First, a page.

CNN’s John King maps out the upcoming election.
Few people know the political landscape in the United States quite like John King. Come campaign and election time, the CNN host of Inside Politics can most often be found manning his “Magic Map” to break the electorate down to the finest detail. If you were to zoom in on King’s own geographic roots, you’d arrive to the top floor of a triple decker in Dorchester, Massachusetts where he grew up. For the last ten years, King has taken refuge on Nantucket where he spends a couple weeks each summer. During the first week of June, as the country was reeling from the killing of George Floyd amid the coronavirus pandemic, N Magazine spoke to John King to get his thoughts on the upcoming election, the role of cable news, and the future of politics during the most uncertain of times in modern American history.
N MAGAZINE: What are the key lessons Joe Biden should take away from Hillary Clinton in running against Trump?
KING: One of the lessons that Joe Biden should take away from Hillary Clinton is to take nobody for granted. Hillary Clinton did not spend enough time in Detroit, Michigan; Milwaukee, Wisconsin; the African American community; or the Democratic base community around the country. Because she thought “these voters don’t like Trump, therefore I’m good.” That doesn’t mean she didn’t campaign hard—she did—but she didn’t spend enough time in some places where she should have. We saw in Wayne County, Michigan; Milwaukee County, Wisconsin; Philadelphia, Pennsylvania, that she won the African American vote overwhelmingly by percentages, but the turnout wasn’t where it needed to be. So she narrowly lost these states. She wins the popular vote, but Donald Trump is still the President of the United States. So the lesson has to be: take nothing for granted, take nobody for granted, especially in these volatile times. Times were volatile then, and look where we are now.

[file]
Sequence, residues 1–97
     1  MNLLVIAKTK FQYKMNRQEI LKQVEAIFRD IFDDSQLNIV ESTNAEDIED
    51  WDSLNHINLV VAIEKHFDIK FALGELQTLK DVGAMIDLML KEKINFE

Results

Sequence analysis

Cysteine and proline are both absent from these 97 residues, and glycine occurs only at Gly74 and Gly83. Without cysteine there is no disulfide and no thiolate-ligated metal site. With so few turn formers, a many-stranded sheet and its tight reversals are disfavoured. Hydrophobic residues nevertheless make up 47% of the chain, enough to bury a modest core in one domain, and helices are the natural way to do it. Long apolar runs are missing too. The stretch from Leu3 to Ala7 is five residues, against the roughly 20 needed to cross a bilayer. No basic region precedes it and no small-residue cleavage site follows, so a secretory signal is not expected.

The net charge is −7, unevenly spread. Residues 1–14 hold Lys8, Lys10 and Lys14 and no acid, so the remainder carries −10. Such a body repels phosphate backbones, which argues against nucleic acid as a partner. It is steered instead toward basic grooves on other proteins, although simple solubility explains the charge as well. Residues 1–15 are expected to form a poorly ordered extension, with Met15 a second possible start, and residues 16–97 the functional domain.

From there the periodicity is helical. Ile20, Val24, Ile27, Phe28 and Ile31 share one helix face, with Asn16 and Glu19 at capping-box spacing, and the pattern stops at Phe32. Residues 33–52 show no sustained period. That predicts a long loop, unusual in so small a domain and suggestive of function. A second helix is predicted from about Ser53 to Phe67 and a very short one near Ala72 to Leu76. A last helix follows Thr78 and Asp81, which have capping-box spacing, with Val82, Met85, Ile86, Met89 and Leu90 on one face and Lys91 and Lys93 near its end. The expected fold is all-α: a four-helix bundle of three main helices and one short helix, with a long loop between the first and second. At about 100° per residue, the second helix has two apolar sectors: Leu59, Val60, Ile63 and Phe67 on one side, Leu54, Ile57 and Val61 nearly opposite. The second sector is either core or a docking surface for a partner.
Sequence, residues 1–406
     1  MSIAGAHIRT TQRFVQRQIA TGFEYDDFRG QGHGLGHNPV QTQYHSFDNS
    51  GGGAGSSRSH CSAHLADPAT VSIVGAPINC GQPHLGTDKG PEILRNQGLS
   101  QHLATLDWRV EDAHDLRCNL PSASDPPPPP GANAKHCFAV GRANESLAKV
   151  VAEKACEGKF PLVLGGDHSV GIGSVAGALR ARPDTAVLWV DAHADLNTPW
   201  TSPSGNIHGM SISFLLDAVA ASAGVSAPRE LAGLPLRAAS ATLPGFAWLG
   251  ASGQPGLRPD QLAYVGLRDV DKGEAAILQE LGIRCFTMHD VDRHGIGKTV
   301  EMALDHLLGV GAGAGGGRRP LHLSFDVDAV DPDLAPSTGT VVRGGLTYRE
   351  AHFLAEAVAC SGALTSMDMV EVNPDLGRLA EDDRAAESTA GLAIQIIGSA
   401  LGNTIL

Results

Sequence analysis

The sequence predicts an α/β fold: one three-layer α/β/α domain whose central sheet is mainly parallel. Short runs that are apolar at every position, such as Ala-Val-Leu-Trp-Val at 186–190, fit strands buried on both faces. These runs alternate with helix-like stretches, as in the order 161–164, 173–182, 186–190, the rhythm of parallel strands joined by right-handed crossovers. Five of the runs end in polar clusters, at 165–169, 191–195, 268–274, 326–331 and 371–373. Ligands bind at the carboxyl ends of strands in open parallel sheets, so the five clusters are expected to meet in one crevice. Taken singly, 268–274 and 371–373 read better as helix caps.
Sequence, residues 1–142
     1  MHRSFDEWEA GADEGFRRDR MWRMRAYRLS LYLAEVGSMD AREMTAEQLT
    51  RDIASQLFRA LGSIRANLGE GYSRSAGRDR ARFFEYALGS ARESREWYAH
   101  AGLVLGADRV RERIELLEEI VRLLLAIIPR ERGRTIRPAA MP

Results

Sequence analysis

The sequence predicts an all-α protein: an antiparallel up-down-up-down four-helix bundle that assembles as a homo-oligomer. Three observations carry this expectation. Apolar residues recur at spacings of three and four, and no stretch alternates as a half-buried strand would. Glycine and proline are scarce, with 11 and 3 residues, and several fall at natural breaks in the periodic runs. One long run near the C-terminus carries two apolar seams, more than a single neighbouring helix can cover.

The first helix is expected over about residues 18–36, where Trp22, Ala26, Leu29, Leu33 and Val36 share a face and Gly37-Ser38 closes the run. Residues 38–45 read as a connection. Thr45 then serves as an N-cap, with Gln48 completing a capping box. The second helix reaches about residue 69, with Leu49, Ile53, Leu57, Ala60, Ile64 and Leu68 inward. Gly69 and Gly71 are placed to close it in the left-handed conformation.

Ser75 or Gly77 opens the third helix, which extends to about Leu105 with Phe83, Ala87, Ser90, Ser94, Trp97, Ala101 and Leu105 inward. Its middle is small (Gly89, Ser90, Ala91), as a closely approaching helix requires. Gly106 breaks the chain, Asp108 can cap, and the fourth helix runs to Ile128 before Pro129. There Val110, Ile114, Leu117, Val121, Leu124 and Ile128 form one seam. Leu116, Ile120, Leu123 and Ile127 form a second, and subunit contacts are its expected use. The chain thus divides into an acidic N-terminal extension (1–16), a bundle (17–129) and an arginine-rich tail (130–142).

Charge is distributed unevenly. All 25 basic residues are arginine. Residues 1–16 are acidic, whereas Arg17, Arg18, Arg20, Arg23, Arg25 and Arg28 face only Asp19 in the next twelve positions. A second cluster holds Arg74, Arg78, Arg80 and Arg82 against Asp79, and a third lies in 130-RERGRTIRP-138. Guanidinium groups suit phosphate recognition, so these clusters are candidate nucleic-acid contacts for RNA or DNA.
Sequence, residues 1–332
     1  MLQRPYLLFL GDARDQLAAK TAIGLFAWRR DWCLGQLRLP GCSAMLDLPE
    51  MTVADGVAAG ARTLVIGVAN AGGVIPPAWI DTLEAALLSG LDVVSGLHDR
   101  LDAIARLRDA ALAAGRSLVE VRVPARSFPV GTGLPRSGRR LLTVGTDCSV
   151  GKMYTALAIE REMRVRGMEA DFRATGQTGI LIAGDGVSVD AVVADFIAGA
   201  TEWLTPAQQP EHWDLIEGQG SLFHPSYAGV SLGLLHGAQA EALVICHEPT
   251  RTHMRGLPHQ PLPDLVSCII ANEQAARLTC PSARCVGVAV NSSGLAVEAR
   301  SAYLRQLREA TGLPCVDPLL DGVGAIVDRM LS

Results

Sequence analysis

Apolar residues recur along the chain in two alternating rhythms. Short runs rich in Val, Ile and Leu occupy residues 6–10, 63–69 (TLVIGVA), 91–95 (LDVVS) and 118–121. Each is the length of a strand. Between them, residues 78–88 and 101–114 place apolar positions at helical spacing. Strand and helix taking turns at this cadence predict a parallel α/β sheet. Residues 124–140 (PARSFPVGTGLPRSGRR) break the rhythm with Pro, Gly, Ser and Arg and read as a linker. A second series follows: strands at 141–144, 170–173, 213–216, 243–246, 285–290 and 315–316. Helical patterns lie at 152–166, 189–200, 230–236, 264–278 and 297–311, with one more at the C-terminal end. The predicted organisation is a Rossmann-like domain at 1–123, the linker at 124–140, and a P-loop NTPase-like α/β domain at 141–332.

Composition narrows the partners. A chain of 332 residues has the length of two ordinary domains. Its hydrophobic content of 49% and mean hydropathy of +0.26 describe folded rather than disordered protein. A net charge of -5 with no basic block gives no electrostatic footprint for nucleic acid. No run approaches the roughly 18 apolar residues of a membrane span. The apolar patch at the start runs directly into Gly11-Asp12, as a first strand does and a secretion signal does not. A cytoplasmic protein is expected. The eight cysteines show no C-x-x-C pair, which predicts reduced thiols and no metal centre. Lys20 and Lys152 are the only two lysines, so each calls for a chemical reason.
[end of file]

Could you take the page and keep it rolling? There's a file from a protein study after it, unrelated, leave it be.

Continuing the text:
KING: It’s very hard to see him turning other “big blue things.” If you go back to the 2016 map, it was Pennsylvania, Michigan, and Wisconsin that made him the President of the United States. Plus Ohio, which is a more Republican state. As we enter the summer, Ohio is actually competitive. That’s a warning sign to Donald Trump. He has plenty of time and plenty of money to try and address it, but there are signs of weakness for Trump everywhere. If he loses a Michigan and/ or a Wisconsin, where would Donald Trump get [those votes]? That’s really hard to find on a map because those were traditional blue states. What other blue states could he possibly turn to get that kind of math? Donald Trump is not going to flip Maryland, New York, Massachusetts, or California. So he is wedded very much to his 2016 map. Now he can afford to lose a state or two and still win again, but he drew to an inside straight flush in 2016. He threaded the needle just the way he had to, and their campaign deserves credit for that. He has very little margin for error this time.